This illustrates a potential problem with the entity level taxes enacted as SALT cap workarounds in some states. While taxpayers paying entity level taxes gain a federal deduction, they may lose a larger home-state tax credit on their personal returns. The rules vary by state; Iowa, for example, allows the credit for taxes paid for other states for such entity level taxes. All this makes it important for pass-through taxpayers to work with their state tax pros heading into the next filing season.

Related: Working Around the SALT Deduction Cap. 2021/9


Dems fear Biden's domestic agenda could implode - Burgess Everett and Heather Caygle, Politico:

Democrats are broadly rejecting Manchin’s overtures to stall the social spending plan, arguing doing so is akin to killing the bill. If Democrats don’t keep positive momentum behind their effort to fight climate change, improve child care and raise taxes on the wealthy, they worry that the whole thing could fall apart.

“You can’t stop this process. If you stop it it won’t get started again,” said Sen. Ben Cardin (D-Md.). “You’ve really got to keep it moving, there’s no magic date, but as you get closer and closer to other deadlines, this one gets more difficult.”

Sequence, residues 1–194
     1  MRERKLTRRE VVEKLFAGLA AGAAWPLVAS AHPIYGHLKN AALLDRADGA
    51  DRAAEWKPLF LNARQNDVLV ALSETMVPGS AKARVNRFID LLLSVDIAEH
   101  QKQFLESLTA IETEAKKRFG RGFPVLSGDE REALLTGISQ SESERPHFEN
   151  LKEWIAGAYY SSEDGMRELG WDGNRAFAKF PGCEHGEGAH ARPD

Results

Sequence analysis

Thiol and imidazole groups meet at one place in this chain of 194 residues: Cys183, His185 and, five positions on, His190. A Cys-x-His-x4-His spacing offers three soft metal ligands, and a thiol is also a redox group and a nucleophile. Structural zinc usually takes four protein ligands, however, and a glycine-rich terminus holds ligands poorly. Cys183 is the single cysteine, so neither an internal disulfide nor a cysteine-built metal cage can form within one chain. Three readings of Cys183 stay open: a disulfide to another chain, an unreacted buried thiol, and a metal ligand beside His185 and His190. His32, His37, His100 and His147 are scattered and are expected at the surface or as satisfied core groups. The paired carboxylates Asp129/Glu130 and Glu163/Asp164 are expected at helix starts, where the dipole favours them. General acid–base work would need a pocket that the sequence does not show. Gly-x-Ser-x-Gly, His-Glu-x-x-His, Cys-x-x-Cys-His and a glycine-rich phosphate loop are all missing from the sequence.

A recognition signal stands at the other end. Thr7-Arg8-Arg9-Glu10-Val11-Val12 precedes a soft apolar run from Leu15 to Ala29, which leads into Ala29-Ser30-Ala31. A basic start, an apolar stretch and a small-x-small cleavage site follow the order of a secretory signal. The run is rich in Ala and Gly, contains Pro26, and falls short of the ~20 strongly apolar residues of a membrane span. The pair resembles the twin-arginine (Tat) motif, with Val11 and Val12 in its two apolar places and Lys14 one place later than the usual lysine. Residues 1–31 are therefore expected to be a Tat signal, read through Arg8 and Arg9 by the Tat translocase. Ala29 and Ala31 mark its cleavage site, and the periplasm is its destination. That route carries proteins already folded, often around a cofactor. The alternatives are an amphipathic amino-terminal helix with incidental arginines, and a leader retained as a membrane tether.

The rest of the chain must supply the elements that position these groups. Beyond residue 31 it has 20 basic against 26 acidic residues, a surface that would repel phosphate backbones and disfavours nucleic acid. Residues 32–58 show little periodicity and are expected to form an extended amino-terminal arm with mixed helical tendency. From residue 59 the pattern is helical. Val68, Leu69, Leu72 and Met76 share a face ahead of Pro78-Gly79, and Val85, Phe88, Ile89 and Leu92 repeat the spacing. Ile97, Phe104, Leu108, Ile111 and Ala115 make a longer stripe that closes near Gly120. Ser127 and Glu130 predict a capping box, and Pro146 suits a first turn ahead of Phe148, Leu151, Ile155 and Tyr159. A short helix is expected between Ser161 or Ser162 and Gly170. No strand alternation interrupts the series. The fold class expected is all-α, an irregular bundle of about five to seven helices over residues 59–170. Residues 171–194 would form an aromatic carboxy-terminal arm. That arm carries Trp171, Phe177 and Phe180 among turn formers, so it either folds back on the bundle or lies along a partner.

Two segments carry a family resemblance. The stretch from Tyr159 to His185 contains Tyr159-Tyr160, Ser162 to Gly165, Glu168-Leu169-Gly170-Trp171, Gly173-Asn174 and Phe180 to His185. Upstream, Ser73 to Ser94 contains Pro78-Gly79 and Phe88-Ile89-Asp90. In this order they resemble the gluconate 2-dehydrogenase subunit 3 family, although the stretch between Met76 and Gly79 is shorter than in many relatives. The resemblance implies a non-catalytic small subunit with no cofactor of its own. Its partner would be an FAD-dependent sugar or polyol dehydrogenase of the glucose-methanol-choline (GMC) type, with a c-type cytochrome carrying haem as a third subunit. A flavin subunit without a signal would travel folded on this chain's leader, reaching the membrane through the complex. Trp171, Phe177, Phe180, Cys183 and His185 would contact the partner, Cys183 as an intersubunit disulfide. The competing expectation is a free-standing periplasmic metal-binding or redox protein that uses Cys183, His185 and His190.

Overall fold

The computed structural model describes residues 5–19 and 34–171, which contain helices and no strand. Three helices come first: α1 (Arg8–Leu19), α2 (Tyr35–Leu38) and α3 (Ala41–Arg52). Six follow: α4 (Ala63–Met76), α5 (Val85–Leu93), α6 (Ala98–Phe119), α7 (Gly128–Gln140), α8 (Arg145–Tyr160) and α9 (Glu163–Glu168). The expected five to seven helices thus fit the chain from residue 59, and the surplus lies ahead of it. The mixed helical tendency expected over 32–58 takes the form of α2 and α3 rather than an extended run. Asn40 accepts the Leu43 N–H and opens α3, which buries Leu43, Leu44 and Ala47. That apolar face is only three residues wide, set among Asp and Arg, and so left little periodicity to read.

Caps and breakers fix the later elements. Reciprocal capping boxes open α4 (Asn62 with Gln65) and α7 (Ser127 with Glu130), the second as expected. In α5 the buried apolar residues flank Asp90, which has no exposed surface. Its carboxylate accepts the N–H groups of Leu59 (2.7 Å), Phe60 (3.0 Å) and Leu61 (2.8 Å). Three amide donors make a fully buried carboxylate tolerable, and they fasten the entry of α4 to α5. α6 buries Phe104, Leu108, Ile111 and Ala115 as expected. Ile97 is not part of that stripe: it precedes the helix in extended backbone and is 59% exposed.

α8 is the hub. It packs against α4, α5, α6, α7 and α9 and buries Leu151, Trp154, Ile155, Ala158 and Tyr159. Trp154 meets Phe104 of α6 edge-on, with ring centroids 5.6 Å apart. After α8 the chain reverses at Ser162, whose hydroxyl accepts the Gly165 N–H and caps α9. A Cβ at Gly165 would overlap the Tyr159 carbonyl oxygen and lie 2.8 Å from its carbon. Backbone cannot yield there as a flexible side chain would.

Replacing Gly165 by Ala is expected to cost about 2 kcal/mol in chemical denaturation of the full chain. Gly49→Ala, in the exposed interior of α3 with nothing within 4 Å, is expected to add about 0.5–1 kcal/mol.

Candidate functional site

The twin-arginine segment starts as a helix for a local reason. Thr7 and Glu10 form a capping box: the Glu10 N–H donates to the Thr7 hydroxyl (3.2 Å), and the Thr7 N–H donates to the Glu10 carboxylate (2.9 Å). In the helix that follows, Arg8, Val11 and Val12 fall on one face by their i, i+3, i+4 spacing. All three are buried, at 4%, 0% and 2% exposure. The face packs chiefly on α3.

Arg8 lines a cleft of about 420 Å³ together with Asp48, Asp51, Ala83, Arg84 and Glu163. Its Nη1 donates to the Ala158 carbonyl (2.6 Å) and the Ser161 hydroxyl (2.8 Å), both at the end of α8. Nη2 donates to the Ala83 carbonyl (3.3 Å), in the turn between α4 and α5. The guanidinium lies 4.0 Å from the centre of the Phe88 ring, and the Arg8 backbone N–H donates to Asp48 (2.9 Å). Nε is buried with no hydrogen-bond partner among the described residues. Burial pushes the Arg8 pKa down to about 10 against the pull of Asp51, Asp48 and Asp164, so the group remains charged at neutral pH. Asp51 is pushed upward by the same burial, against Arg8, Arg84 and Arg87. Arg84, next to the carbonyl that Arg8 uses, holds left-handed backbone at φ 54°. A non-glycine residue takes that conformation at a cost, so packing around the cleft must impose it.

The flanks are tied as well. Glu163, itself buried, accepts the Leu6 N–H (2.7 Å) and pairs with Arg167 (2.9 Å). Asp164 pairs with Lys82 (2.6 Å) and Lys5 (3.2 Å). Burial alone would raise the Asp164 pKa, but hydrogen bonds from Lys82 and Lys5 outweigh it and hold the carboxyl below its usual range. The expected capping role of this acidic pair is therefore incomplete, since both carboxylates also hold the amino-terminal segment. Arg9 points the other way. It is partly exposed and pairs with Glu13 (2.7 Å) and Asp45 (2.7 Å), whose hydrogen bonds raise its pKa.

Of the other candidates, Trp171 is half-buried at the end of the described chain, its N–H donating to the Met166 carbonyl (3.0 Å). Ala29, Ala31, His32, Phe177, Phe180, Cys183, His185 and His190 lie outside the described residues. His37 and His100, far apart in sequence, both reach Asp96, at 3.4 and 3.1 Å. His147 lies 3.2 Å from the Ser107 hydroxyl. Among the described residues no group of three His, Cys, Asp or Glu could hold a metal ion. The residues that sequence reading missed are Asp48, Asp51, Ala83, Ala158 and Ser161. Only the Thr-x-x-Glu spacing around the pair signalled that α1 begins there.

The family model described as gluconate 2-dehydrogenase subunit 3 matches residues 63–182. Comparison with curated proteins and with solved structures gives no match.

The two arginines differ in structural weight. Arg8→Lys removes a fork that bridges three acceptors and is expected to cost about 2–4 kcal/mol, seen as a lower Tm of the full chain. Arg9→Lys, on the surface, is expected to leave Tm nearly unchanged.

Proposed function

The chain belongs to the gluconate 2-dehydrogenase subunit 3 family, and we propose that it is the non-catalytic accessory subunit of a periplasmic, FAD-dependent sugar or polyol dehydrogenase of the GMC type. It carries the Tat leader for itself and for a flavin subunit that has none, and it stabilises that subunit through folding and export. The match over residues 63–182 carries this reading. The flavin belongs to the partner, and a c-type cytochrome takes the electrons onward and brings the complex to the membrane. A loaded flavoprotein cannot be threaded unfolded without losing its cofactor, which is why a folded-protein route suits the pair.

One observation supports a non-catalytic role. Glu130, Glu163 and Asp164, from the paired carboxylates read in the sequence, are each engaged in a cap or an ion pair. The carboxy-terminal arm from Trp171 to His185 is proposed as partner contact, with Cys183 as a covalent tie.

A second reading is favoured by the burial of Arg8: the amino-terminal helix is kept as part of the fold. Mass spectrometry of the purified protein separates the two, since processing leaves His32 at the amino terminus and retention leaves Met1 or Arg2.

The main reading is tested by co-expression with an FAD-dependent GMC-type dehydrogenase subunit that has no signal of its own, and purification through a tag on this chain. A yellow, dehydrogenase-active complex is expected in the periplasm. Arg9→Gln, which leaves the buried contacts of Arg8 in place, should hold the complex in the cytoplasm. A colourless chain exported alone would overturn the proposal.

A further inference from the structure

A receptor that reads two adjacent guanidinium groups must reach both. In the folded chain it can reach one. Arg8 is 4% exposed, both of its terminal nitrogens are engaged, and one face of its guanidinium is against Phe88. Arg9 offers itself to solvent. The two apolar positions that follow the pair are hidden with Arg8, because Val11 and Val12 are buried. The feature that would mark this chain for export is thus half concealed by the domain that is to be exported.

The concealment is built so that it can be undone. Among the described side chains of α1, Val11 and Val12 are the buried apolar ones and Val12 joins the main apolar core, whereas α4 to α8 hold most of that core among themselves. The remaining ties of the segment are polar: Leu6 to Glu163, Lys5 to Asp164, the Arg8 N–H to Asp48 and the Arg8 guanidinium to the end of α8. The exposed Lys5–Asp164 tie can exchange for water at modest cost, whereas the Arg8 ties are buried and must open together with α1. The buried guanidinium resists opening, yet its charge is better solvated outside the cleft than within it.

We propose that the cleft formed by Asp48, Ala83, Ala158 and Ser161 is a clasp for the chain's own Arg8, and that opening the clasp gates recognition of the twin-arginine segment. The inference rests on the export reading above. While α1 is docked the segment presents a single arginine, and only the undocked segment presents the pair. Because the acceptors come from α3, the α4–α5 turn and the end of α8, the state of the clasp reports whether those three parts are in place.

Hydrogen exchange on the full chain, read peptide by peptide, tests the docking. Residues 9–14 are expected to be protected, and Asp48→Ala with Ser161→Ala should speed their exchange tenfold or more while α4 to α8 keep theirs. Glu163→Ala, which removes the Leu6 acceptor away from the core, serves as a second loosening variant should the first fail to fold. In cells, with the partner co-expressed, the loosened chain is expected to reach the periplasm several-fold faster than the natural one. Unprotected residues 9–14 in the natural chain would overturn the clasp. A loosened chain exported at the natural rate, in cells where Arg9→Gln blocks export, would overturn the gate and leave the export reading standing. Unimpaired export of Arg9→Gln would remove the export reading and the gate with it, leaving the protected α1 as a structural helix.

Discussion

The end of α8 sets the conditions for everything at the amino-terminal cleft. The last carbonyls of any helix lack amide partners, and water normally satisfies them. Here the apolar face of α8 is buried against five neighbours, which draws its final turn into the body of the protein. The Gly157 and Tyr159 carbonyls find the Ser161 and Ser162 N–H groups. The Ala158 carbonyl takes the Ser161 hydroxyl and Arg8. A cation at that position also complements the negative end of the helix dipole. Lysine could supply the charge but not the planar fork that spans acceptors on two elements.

‘The biggest mashup we’ve ever had’: Dems scramble on agenda - Nick Sobczyk, Politico:

House Budget Chair John Yarmuth (D-Ky.) said yesterday that the next two days of negotiations between the House and Senate will be critical to determining when a reconciliation package might move to the floor.

“We’ll know more after the next 48 hours as to timing because a lot of decisions are hopefully going to be made,” Yarmuth told reporters last night.

It leaves much of Biden’s domestic agenda — and potentially the biggest climate change bill in U.S. history — in flux with just days to iron out the bubbling policy dispute.


Senate Dems Weigh Advancing New Taxes Without Panel Vote - Alan Ota, Law360 Tax Authority ($).  "Several senior Democrats said the Senate's reconciliation tax package would be developed in intraparty talks, possibly without a formal markup of some tax-related proposals by the Finance Committee. While the House prepares to try to advance the reconciliation bill and considers add-ons to the tax package approved by the Ways and Means Committee, they said senators would lay the groundwork to amend the bill when it comes over to the Senate."